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Antibody Feedback Limits the Expansion of B Cell Responses to Malaria Vaccination but Drives Diversification of the Humoral Response

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2020

Cell Host Microbe. 2020 Jul 16;S1931-3128(20)30397-8. doi: 10.1016/j.chom.2020.07.001.

Antibody Feedback Limits the Expansion of B Cell Responses to Malaria Vaccination but Drives Diversification of the Humoral Response

HA McNamara;AH Idris;HJ Sutton;R Vistein;BJ Flynn;Y Cai;BKL Sim;SL Hoffman;M Bonsignori;RA Seder;IA Cockburn

Department of Immunology and Infectious Disease, John Curtin School of Medical Research, the Australian National University, Canberra, ACT 2601, Australia. Vaccine Research Center (VRC), National Institute of Allergy and Infectious Diseases, National Institutes of Health, Bethesda, MD 20892, USA. Duke Human Vaccine Institute, Durham, NC 27710, USA; Department of Medicine, Duke University Medical Center, Durham, NC 27710, USA. Center for Vaccine Development and Global Health, University of Maryland School of Medicine, Baltimore, MD 21201, USA. Sanaria Inc., Rockville, MD 20850, USA. Department of Immunology and Infectious Disease, John Curtin School of Medical Research, the Australian National University, Canberra, ACT 2601, Australia.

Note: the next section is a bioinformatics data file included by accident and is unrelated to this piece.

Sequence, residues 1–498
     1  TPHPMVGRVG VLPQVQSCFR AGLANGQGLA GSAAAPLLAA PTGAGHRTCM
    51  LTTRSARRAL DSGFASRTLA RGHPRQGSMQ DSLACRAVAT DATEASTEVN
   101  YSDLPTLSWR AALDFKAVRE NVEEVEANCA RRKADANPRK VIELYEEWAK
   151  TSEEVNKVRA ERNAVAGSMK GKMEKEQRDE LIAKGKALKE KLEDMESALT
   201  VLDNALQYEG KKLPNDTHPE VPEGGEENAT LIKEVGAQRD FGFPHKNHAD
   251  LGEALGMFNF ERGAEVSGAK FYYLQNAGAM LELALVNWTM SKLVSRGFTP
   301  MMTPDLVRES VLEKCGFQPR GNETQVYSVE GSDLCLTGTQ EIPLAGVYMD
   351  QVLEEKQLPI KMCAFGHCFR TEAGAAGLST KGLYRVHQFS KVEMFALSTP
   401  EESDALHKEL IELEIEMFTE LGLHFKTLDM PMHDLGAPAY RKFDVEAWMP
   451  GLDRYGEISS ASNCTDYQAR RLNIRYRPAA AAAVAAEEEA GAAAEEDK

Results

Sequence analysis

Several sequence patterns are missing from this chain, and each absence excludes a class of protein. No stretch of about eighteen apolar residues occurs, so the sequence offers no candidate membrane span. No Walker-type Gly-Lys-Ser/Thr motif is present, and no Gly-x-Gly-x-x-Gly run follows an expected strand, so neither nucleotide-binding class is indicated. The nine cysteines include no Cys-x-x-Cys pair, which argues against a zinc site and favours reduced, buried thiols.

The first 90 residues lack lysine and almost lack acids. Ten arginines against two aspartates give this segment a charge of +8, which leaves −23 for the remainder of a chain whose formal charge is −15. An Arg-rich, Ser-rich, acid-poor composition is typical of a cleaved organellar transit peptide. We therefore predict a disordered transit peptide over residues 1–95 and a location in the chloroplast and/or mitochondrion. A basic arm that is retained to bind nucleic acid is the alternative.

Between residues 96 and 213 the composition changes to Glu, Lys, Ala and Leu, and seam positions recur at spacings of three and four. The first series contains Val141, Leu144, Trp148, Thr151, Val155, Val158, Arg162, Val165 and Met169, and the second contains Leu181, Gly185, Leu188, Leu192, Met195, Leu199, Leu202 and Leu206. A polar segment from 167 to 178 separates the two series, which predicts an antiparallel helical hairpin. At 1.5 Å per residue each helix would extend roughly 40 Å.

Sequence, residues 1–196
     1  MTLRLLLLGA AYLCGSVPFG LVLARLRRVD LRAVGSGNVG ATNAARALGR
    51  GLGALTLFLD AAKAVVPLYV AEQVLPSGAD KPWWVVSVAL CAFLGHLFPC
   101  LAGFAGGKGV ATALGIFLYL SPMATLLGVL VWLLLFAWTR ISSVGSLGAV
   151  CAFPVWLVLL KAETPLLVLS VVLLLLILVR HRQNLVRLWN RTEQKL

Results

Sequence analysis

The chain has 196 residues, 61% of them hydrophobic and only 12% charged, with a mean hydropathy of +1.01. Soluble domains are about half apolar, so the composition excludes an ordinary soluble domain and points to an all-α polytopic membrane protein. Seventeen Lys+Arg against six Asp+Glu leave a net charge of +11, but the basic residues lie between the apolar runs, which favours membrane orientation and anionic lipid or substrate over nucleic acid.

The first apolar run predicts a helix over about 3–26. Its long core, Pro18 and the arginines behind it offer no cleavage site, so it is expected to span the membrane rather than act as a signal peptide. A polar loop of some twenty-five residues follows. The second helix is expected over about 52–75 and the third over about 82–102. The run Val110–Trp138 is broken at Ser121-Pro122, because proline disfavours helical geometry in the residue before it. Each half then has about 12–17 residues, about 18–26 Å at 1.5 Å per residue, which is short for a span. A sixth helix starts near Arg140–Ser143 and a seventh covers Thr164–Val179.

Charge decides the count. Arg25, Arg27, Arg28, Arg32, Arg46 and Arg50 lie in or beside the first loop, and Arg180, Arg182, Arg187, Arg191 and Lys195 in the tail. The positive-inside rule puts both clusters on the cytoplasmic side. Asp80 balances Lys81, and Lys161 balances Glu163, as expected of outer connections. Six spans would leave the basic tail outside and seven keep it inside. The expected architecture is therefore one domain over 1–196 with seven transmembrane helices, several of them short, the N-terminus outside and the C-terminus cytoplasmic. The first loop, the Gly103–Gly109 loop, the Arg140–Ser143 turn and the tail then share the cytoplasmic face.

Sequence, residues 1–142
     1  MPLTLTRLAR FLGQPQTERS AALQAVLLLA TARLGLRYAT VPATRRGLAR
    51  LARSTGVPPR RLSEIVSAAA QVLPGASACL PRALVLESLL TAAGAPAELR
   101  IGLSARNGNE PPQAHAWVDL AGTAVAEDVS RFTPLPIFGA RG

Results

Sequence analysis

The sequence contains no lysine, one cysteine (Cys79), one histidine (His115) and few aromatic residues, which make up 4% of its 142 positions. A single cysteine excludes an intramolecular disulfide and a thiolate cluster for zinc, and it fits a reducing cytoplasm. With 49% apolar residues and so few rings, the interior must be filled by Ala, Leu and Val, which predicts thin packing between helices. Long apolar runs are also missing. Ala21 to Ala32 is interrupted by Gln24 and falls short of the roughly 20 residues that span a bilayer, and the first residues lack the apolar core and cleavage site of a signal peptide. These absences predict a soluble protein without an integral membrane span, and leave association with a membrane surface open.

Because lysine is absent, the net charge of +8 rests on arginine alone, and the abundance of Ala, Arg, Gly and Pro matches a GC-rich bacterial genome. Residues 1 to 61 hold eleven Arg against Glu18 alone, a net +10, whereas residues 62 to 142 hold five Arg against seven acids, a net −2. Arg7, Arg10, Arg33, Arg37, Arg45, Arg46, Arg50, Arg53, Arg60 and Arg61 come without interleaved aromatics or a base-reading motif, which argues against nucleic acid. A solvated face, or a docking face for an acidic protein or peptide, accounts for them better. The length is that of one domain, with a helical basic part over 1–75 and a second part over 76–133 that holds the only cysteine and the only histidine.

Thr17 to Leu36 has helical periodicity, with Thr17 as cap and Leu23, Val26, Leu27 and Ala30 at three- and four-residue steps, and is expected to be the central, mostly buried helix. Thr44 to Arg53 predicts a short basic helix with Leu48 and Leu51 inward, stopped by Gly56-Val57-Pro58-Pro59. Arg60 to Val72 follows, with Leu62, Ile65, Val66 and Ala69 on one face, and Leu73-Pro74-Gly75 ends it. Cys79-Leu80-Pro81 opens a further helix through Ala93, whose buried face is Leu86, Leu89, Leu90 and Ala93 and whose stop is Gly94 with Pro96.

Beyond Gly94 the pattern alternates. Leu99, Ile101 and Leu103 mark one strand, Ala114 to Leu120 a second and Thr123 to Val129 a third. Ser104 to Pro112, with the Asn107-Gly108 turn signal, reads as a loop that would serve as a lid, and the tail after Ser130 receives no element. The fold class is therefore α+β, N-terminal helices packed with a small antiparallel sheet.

Service type: Knock-in mice

Abstract

Generating sufficient antibody to block infection is a key challenge for vaccines against malaria. Here, we show that antibody titers to a key target, the repeat region of the Plasmodium falciparum circumsporozoite protein (PfCSP), plateaued after two immunizations in a clinical trial of the radiation-attenuated sporozoite vaccine. To understand the mechanisms limiting vaccine responsiveness, we developed immunoglobulin (Ig)-knockin mice with elevated numbers of PfCSP-binding B cells. We determined that recall responses were inhibited by antibody feedback, potentially via epitope masking of the immunodominant PfCSP repeat region. Importantly, the amount of antibody that prevents boosting is below the amount of antibody required for protection. Finally, while antibody feedback limited responses to the PfCSP repeat region in vaccinated volunteers, potentially protective subdominant responses to PfCSP C-terminal regions expanded with subsequent boosts. These data suggest that antibody feedback drives the diversification of immune responses and that vaccination for malaria will require targeting multiple antigens. Keywords: B cells; Ig-knockin mice; Plasmodium falciparum; antibody; antibody feedback; malaria; vaccines.

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